On the inside of the brim, the sweatband, I print “J. Upton” all in caps. J. Just like that because it’s really his name. Just one letter.
Will he need bug spray? Tent poles? Playing cards? I think about the times I’ve readied my kids for camps: Scout camp, Outdoor School, Snowboard camp.
“Do you have to write my name in my undies?” First Jake (the oldest) then Maria (the youngest) protested.
“Yeah, I do. But I’ll leave our phone number off, okay?”
“Mo-om,” both kids took their turn saying. Jake with his palms raised. Maria with her fists on her hips.
I try to imagine my stepdad paddling a canoe, grumbling at craft time, over toasting his marshmallows. Zinc oxide on his nose. Mosquito bites dotting his arms and legs like constellations. But I can’t. Camp is too far from the nursing home.
J. had a stroke. He’s spent five days in the hospital, climbing in and out of consciousness, deciding if he is staying in his body, or if it’s time to die. My mom and sisters and I have been here, sitting and sleeping in his hospital room, wondering what he’ll do, wondering how we’ll live if this anchor of a man pulls up anchor.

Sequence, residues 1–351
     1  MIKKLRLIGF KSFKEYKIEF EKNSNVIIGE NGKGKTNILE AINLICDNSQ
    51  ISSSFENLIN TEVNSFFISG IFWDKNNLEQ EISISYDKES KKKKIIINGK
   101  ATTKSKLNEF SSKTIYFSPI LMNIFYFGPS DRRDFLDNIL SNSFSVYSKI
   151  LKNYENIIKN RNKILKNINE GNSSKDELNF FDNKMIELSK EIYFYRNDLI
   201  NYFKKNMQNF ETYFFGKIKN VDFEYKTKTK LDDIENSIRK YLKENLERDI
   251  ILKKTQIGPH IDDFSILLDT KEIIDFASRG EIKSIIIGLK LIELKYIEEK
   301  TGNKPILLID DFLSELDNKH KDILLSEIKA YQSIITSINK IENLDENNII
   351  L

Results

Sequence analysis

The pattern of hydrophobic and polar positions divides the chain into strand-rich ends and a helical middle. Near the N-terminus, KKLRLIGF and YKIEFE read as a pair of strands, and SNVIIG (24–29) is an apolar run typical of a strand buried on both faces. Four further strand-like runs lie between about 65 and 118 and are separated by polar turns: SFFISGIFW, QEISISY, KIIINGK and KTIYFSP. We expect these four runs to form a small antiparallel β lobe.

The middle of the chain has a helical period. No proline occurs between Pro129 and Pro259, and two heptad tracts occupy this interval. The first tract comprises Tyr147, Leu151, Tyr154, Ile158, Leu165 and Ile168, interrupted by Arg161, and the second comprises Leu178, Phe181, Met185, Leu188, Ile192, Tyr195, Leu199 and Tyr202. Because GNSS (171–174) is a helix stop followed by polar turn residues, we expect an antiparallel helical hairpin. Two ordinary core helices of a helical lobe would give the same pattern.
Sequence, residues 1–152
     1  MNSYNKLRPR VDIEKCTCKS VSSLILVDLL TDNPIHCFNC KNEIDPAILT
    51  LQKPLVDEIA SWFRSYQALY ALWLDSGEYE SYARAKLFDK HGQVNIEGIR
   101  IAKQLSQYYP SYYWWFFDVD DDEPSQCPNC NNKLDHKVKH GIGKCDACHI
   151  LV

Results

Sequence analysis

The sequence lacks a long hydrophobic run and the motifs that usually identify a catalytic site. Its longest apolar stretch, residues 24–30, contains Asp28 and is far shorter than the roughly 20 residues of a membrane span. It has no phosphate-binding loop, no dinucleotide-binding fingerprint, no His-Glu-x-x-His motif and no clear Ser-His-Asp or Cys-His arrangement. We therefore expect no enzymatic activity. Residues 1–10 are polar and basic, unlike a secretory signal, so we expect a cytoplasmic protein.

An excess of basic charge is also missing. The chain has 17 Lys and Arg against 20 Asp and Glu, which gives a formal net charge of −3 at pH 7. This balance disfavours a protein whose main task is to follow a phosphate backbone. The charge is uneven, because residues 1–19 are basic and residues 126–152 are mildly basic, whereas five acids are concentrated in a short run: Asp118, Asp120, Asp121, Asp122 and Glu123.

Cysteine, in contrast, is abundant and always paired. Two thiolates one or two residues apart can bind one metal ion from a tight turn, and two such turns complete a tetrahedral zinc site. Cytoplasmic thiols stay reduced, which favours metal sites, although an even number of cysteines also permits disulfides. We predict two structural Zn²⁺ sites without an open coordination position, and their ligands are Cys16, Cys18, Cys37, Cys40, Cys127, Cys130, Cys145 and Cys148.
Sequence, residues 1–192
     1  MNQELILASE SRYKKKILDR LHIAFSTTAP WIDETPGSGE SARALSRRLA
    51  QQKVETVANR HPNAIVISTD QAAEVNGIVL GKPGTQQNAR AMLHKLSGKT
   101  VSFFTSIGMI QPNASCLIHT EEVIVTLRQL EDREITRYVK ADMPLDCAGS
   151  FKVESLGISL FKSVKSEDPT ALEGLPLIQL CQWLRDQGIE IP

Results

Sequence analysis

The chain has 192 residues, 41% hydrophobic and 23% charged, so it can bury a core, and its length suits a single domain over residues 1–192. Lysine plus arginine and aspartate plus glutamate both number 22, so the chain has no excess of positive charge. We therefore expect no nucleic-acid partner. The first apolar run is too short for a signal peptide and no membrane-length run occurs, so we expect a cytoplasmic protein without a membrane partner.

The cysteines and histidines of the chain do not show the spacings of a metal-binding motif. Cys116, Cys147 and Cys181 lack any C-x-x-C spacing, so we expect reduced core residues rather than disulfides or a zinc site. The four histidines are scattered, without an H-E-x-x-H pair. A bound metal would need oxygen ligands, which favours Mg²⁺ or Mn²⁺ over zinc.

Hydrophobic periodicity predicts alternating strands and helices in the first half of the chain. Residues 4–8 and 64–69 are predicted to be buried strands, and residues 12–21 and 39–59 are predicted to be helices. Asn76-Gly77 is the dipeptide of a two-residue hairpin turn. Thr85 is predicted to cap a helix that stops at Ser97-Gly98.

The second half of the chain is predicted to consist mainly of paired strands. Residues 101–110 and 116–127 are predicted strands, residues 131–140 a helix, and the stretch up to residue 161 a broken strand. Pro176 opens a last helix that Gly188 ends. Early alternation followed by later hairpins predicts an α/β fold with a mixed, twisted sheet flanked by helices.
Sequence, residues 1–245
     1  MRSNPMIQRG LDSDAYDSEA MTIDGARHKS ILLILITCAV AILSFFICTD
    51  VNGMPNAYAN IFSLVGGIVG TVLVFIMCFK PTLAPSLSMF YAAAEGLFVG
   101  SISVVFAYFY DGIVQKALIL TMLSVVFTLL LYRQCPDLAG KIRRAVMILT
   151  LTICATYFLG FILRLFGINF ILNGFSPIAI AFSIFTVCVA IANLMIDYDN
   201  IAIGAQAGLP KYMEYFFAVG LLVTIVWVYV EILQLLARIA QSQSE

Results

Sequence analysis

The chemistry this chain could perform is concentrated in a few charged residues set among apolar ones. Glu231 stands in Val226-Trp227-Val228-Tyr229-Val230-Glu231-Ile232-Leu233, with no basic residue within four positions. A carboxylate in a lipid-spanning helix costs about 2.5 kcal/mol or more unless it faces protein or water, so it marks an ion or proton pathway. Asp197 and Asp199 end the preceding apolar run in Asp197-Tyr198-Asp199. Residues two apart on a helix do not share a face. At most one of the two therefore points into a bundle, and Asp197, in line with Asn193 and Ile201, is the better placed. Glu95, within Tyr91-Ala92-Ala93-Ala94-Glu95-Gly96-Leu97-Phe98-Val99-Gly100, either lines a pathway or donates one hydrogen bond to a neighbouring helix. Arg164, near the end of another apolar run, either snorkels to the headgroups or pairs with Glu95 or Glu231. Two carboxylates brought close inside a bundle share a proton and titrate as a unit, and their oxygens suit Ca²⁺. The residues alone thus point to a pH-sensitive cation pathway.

* * *
The morning of J.’s stroke, my older sister Lisa called: “J.’s weak. Mom and I are trying to get him to sit up and eat breakfast. He’s a wet noodle. What should we do?”
I was home, 150 miles away in Portland. “Call 911,” I told her. “I’ll pack a bag and be there in three hours.”
Fast packing. Fast driving. The whole time thinking about this huge change in J. He is in the early stages of dementia, but still himself in many ways – quick with a joke, a smile. He’s slow, but he feeds and dresses himself. He gets annoyed if we do things for him where he’s capable. What happened that he couldn’t sit up?